Top 5 Uncomfortable Questions to Discuss with your Co-Founders
Nick Sullivan stashed this in Founders
Stashed in: Awkward Moments
#4 is interesting...
What are you in it for? Control? Money? Fame? Want to build something?
...because you can start off being in it for one thing, and end up being in it for another.
But now it seems like they're in it for the vision.
We went through these questions... having done it before we also dug deeper into company culture, being independently healthy (leading to much of our team being healthier).
The performance one is hard... more so at early stages because everything is still so inter-connected.
Performance is definitely a touchy subject. You have to be able to tell cofounders when they're not carrying enough weight.
The hardest part of all five questions is that it's easy to have answers to these questions when times are good, but when everything is super stressed, the answers might no longer be valid.
Breaking ties, for example, gets much harder in own times, especially mid-argument.
What does "independently healthy" mean? :)
This is kinda touchy-feely stuff, and in many cases people don't know how they'll react when the shit hits the fan so talking doesn't count for much. Sounds to me like you're really asking your cofounders to make a commitment so when they fuck up you can have a nice excuse to bounce them. It's exactly like a prenup, and probably has the same effect as one. If you don't trust them, don't marry them.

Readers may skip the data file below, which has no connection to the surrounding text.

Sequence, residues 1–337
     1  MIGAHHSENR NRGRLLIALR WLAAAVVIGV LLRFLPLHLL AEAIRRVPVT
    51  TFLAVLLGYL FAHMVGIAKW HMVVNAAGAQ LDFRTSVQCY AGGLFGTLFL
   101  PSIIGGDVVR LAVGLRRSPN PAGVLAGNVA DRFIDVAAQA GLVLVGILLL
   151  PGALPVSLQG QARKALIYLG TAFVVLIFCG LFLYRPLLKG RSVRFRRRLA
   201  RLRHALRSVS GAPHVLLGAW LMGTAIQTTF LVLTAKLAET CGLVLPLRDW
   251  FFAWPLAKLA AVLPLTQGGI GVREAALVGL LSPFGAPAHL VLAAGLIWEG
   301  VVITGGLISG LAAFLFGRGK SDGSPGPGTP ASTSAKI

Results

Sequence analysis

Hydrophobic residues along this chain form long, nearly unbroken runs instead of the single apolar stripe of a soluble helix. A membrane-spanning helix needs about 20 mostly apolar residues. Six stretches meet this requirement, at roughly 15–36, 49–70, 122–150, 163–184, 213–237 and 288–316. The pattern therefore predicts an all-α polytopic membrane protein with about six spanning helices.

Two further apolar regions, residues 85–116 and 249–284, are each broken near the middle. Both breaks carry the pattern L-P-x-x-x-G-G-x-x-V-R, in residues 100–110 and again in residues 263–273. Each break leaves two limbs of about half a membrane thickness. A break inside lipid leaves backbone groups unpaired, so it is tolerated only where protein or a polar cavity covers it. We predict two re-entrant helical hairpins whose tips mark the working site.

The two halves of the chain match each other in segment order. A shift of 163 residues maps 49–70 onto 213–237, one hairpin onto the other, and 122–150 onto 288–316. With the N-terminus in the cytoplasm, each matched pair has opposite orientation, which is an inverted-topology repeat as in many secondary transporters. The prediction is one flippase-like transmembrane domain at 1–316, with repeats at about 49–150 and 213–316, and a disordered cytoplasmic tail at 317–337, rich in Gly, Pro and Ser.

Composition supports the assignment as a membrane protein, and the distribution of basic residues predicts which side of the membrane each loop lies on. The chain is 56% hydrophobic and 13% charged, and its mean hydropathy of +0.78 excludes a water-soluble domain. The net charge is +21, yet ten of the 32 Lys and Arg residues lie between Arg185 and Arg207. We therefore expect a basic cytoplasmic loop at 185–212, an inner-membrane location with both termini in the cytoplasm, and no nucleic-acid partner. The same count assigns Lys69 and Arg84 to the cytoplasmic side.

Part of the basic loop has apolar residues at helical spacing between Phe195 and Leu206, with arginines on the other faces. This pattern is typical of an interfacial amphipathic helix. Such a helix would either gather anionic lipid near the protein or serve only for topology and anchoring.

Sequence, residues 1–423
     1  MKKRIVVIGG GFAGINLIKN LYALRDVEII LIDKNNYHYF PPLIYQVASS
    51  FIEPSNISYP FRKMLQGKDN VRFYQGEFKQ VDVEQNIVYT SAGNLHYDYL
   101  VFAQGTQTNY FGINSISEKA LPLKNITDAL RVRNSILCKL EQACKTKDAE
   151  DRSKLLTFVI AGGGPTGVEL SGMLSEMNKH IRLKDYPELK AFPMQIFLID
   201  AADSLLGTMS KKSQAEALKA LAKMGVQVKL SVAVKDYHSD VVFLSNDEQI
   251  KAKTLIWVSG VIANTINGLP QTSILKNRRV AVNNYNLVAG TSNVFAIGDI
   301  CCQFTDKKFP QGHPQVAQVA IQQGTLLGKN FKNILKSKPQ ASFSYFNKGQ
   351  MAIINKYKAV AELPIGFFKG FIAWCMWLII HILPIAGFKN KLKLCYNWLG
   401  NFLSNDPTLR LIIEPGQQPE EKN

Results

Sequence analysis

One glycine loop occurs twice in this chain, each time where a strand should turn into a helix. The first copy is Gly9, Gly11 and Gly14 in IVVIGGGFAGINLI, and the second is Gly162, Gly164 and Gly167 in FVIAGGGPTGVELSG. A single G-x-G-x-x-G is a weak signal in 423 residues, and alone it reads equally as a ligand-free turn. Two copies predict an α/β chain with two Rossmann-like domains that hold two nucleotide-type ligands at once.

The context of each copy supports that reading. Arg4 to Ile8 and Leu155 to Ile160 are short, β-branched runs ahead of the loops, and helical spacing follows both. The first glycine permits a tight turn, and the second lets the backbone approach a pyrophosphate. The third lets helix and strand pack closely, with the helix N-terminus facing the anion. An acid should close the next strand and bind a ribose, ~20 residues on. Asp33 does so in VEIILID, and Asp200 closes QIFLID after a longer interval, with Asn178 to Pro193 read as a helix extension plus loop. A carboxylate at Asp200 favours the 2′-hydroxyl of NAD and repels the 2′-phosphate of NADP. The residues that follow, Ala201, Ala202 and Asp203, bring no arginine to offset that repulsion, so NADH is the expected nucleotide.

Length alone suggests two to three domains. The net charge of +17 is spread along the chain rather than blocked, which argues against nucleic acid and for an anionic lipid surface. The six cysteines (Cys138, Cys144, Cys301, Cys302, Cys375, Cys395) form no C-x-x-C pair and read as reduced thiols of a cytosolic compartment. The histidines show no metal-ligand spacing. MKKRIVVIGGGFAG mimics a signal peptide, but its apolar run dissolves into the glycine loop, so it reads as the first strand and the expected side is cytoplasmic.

Here's some real shit: due to my health situation Panda and I had to make a change to our founder's agreement about what would happen to our shares upon DEATH OR DISABILITY. Our lawyer told us we were the very first founding team that had ever asked for such an agreement.
When I see conflict, I look at incentives. So much of the problem I see in the world has to do with misaligned incentives. When incentives are aligned, conflicts can be reduced to misunderstandings.
Founders, and ideally employees, need to be invested in the company for the same reason; working on the same values system. Above the mission of the company, if one founder is in it for glory and the other is in it to make it rich, and yet another is in it to make friends, then conflict will arise.
Having a consistent values system may be the most important factor in the success of a team, especially when the situation gets tough. This is why I think #4 is so important: what is everyone in it for?
Bonus CEO tip: I think the number one role of the CEO is to figure out how to align the values and incentives of the company, founders, employees and customers. If she does that, everyone on the boat is rowing together. Then she just has to figure out where to take everyone.
In a universe of irresistible forces and immovable objects, the CEO has to make choices.
Because you can do anything, but you can't do everything.
Saying no isn't the hardest part of the job. It's figuring out what to say no to.